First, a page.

The notion of reviewing what we consume is a common one to most of us. Amazon probably began the trend when they started to ask for reader reviews of the books we purchased, and the trend quickly spread to the holidays we took or the restaurants we visit.
Mostly these reviews provide valuable feedback to the producer, and valuable insight to those thinking of consuming the products. A major reason behind their success however is that we typically purchase an item once, and our experience of it remains consistent. After all, a book doesn’t change, so it’s unlikely that we’ll think differently about it in a years time.
Many of the reviews contained on Google local however are different, in that most of the services there are things we consume multiple times, yet the reviews often remain static. For instance, a few years ago I wrote a review for a cafe that I frequent regularly. Everything about the cafe was exceptional, with an outstanding atmosphere, great hot chocolate and superb customer service, and as such I was only too happy to rate it strongly and recommend it to others.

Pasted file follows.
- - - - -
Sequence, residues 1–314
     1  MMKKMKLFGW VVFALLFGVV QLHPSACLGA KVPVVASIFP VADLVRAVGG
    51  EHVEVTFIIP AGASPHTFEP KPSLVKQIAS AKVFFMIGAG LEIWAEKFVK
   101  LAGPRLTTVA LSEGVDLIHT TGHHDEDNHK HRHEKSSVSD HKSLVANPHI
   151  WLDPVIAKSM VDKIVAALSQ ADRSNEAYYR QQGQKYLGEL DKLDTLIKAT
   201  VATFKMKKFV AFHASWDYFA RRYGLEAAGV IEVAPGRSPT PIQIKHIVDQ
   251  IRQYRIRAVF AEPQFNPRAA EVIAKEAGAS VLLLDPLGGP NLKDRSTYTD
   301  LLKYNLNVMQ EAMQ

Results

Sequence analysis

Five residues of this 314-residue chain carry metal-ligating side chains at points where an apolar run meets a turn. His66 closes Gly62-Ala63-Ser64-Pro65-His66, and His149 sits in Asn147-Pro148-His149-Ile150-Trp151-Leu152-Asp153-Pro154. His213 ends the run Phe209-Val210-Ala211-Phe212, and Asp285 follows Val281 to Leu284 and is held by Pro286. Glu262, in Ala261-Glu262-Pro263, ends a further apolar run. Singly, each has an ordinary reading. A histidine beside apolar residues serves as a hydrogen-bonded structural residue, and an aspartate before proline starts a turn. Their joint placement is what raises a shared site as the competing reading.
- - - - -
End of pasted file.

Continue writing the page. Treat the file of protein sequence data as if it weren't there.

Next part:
Over the years however, things have changed. The popularity of the cafe altered its vibe, whilst for one reason or another the quality of the drinks went rapidly downhill. Such was the decline that it was no longer a place that I’d recommend, yet there was my review doing just that.
Traditional performance reviews are similar in many ways. They allow a review based upon a snapshot in time of something that is anything but static. When you’re appraising something as fluid as human performance, it can’t be broken down to isolated incidents and events, it has to be regular and ongoing.
That is the beauty of software such as that provided by Work.com, because they allow employees to provide and receive feedback all the time, with that information aggregated to provide an accurate and objective picture of their performance. What’s more, it also allows you to see clearly how performance has changed over time.
Your employees will be increasingly used to such continuous feedback in their social lives. Now is the time to give it to them in their professional lives too.
Originally posted at Work.com